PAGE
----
The california aggie
tuesday, october 2, 2012 3
Letter to the editor
Pepper spray settlement
Let’s move forward Settlement plans between the University of California and the students pepper sprayed on November 18 were submitted for court approval last week, where the university is to pay $1 million to the plaintiffs, attorneys and the American Civil Liberties Union. We are happy that a settlement has been reached, but we feel that the focus should be put on new policies to avoid the possibility of repeat incidents. One million dollars is a lot of money, but people should keep in mind that the money used in this case was set aside for the University’s self-insured General Liability Risk Program, and it would have been used in another university lawsuit anyway. On April 30, the University of California published the Robinson-Edley Report, which contained 50 recommendations to ensure that protests will be handled in a manner that does not result in undue violence and injury.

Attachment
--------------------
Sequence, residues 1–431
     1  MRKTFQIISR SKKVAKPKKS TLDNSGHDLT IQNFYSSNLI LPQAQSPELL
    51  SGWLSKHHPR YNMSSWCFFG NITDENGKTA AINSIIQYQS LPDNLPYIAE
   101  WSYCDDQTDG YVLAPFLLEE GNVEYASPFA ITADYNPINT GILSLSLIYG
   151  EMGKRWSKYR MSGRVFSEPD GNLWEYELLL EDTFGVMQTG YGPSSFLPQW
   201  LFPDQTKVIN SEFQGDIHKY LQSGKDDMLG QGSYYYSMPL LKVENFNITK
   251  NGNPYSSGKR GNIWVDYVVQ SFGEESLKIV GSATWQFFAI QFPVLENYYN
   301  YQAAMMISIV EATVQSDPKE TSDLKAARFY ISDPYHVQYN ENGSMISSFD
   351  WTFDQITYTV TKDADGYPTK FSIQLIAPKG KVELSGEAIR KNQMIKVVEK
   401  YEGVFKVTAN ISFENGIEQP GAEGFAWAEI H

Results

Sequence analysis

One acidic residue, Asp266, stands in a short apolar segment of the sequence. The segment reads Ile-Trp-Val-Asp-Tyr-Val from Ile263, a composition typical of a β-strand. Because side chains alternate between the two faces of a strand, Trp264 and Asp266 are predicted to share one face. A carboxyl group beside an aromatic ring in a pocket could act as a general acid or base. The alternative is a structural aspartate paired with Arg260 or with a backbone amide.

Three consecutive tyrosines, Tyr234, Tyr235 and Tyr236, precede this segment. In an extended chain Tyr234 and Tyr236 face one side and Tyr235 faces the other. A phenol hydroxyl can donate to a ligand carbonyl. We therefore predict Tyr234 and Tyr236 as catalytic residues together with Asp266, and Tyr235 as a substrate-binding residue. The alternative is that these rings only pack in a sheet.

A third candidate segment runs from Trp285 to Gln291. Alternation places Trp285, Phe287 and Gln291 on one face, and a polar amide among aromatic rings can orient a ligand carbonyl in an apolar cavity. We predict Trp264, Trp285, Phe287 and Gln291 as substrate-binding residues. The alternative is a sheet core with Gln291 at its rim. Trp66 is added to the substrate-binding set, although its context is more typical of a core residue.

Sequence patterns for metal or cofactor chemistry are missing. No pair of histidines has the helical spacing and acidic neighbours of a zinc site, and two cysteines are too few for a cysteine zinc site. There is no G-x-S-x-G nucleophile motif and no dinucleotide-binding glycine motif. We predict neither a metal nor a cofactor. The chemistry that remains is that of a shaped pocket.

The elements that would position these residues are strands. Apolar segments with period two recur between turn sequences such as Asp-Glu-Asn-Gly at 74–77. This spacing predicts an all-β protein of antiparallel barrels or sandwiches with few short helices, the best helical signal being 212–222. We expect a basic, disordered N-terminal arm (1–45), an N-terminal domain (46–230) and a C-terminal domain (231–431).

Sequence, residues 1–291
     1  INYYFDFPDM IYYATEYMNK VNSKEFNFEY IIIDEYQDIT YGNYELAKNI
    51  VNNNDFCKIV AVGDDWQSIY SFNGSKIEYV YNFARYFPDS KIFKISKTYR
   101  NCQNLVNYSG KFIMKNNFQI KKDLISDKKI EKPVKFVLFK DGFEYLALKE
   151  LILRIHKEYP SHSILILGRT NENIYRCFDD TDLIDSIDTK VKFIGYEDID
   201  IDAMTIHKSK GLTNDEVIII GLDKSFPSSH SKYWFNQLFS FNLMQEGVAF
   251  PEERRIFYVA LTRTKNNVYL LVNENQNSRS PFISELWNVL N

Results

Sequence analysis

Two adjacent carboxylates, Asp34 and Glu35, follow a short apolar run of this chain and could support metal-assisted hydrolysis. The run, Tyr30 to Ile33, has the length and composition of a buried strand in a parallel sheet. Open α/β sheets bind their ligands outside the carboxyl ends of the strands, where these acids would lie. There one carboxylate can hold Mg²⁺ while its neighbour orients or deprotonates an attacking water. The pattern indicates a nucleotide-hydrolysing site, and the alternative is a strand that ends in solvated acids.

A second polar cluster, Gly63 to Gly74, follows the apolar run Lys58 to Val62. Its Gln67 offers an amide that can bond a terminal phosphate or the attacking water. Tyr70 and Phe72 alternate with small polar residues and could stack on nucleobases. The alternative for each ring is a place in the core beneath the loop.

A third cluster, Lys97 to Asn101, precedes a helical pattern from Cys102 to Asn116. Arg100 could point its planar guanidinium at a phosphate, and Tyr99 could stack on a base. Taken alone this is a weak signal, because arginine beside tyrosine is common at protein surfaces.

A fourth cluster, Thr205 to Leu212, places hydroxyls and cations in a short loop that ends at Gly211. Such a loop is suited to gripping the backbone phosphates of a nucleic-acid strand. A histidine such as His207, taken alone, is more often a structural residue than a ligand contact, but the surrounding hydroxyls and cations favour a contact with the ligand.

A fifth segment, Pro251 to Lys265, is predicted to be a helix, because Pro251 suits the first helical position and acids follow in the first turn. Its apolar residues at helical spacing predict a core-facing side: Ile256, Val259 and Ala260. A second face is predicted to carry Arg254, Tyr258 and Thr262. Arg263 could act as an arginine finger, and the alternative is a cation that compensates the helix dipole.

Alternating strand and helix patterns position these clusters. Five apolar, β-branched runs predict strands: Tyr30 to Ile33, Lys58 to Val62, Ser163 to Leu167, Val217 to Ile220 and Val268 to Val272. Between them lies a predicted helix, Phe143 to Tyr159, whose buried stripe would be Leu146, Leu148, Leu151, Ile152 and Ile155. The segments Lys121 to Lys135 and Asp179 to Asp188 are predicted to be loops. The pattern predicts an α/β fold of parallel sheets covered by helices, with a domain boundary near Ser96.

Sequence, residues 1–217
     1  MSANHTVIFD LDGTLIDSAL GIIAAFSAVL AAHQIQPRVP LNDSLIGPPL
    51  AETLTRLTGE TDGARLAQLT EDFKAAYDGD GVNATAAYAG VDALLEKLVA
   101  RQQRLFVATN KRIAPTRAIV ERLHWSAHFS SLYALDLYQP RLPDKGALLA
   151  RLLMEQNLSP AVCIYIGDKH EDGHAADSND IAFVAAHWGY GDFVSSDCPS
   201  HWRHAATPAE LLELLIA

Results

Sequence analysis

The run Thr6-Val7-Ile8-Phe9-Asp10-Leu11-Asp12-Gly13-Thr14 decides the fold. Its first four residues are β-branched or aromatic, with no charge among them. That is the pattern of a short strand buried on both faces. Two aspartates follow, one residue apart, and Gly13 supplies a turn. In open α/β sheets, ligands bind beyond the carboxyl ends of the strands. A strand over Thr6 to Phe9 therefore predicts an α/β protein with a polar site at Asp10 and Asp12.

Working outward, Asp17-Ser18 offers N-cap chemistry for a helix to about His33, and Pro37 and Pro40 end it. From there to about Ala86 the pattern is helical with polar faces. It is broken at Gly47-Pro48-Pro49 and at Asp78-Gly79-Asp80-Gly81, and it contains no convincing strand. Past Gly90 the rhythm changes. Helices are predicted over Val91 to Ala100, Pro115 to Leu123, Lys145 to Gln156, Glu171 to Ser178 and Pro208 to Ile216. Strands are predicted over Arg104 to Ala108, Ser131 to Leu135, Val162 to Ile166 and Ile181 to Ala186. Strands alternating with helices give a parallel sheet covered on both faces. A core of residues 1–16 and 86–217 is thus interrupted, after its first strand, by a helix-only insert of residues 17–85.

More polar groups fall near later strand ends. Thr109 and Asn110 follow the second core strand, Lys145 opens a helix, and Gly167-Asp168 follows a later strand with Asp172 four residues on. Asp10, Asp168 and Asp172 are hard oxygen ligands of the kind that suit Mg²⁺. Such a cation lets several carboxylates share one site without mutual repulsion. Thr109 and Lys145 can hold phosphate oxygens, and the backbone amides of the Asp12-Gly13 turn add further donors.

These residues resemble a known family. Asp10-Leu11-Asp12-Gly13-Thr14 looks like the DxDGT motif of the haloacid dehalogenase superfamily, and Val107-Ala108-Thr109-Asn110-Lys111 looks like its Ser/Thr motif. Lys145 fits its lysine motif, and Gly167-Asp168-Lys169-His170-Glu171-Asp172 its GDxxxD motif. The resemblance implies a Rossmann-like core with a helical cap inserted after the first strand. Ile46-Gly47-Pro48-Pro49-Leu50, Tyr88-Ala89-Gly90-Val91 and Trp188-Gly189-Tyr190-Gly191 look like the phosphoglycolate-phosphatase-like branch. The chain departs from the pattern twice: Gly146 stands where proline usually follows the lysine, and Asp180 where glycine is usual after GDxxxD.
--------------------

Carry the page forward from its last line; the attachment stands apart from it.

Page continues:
However, these recommendations mean nothing if they are not enacted and enforced. Lack of communication was a primary factor that led to the incident in the first place, and it will be good communication that ensures the future safety of students and the accountability of those in charge. It should be the responsibility of students and faculty to hold the administration to their policies, and it should be the responsibility of the administration to provide adequate lines of communication, making sure that the student body is informed of the rules regarding protests. While students receiving compensation is a good thing, it is even more promising that Chancellor Linda P.B. Katehi is issuing personal apologies to each student. We hope that within these apologies, Katehi will take responsibility for her actions, as well as the university’s.